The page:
After the end of World War II and the U.S. Lend Lease Programs, the Chinese Nationalists and Communist Chinese began to copy and manufacture weapons of both U.S. and Russian designs. The U.S. submachine guns the Nationalists copied were the Thompson and the U.S. M3A1. Both of the U.S. weapons the Chinese chose to manufacture were relatively difficult designs to produce; the Thompson requiring a number of machine tools and skilled labor to manufacture. The M3A1, although a seemingly simple weapon, fabrication of the M3A1 receiver and parts would require special dies and large complex stamping machines. After stamping the M3A1 receiver halves, they needed to be accurately welded together without warping. Both U.S. weapons were difficult to manufacture with limited resources, especially when compared to the Soviet designs, the PPSh-41 and the PPS-43 submachine guns, whose receivers were simple U-shaped pieces of sheet metal which could be formed over a mandrel.
The first Chinese M3A1 clone produced on mainland China was adopted in 1947, and thus designated as the .45 caliber, Type-36. The designation came from the Chinese Republic calendar year that started in 1911 when the Republic of China was established by Sun Yat Sen. The Chinese .45 caliber Type-36, manufactured at the Shenyang 90th Arsenal, near Mukden, China was a near exact copy of the U.S. made M3A1, except the Type 36 used an M3 style barrel nut that had no flat areas for easy removal with a wrench, there was no oil container inside the pistol grip and the Chinese characters marked on the magazine housing. Reportedly fewer than 10,000 Type-36 submachine guns were produced before Communist forces overran the factory.
The Chinese manufactured Type-36 is more crudely constructed than its U.S. made counterpart. An attempt was made to swap parts between a U.S. made Guide Lamp M3A1 and a Chinese Type-36 and few of the parts were found to be readily interchangeable. The same problem was experienced with common parts from the Type-37.
The Chinese Type-37 Submachine Gun
Like the Chinese Type-36, the Type-37 was also very close copy of the U.S. M3A1 submachine gun, except the Type-37 was chambered for the 9mm Parabellum cartridge. The 9mm Type-37 submachine gun differed only slightly from the Type-36, and was basically a conversion of the .45 caliber Type-36. The conversion parts are nearly identical to the U.S. made 9mm conversion kit for the M3 and M3A1. The Type-37 was manufactured at Mainland China’s 60th Jin Ling Arsenal located in the city of Nanking, China, then the capital city of the Nationalist Chinese. The Type-37 designation of the weapon indicates that it was adopted and manufactured during 1948. Prior to the Communist takeover of the Arsenal, the Nationalist Chinese fled to Formosa taking most of the manufacturing equipment with them. Once settled on Formosa, production of the 9mm Type-37 resumed and re-designated as the Type-39. The submachine guns manufactured on Formosa are marked with the logo of the new ordnance department established there, the Combined Service Forces. The M3A1 design was copied and manufactured in Argentina as the P.A.M. 1.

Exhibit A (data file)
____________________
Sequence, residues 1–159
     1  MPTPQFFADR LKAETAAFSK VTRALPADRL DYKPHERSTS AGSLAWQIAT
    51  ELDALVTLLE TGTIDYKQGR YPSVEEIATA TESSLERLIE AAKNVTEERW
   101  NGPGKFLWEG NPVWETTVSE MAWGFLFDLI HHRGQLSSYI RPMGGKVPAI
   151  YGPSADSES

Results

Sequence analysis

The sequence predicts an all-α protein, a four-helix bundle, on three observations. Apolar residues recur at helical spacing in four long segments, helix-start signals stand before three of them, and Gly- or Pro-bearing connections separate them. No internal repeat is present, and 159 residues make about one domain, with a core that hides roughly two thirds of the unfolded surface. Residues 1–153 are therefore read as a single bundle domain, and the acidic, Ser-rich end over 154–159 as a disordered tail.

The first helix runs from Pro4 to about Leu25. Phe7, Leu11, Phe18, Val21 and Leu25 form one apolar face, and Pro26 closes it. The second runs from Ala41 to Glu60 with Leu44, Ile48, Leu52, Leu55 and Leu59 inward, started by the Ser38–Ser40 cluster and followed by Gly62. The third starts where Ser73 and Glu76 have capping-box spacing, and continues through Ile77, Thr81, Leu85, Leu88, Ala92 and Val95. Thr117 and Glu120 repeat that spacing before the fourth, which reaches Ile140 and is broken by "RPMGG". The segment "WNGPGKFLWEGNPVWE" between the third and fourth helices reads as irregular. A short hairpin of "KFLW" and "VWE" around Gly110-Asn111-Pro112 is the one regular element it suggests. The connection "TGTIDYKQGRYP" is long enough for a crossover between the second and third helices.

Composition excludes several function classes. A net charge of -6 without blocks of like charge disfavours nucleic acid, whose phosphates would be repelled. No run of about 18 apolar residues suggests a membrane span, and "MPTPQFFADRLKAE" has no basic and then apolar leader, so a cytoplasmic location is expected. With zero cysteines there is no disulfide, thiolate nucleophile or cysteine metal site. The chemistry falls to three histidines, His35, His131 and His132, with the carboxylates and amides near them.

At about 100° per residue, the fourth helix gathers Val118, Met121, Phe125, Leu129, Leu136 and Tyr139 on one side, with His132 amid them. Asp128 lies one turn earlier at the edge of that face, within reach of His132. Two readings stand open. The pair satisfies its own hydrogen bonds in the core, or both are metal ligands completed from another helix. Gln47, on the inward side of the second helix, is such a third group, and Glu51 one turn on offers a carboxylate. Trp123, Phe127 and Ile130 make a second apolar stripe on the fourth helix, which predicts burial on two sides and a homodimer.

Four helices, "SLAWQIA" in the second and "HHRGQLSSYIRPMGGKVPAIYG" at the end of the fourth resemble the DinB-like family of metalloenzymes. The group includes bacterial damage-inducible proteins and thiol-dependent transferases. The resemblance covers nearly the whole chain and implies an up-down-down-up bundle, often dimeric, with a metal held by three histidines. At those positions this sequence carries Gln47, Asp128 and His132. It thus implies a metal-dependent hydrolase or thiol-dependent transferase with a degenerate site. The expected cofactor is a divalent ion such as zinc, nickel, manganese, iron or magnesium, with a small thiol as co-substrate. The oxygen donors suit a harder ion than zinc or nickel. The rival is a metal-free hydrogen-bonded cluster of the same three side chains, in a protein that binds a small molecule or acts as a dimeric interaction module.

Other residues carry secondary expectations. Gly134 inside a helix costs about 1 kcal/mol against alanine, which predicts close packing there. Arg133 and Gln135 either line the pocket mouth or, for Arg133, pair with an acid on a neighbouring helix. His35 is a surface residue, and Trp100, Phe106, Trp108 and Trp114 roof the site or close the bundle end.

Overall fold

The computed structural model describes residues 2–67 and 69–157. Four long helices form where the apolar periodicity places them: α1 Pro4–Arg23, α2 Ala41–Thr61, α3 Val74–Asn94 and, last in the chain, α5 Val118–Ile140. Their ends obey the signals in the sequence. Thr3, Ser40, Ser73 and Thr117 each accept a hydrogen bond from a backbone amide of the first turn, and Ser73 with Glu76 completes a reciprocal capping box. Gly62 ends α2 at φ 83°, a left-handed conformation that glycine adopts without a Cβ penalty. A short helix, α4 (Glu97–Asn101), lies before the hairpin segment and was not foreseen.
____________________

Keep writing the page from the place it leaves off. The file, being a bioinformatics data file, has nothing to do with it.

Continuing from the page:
(Special thanks to: The United States Marine Corps National Museum, Triangle, Virginia, Mr. Al Houde and Bruce Allen, United States Marine Corps National Museum, Quantico, VA, Dolf Goldsmith, Nevada and National Archives II, College Park, MD)
|This article first appeared in Small Arms Review V16N4 (December 2012)|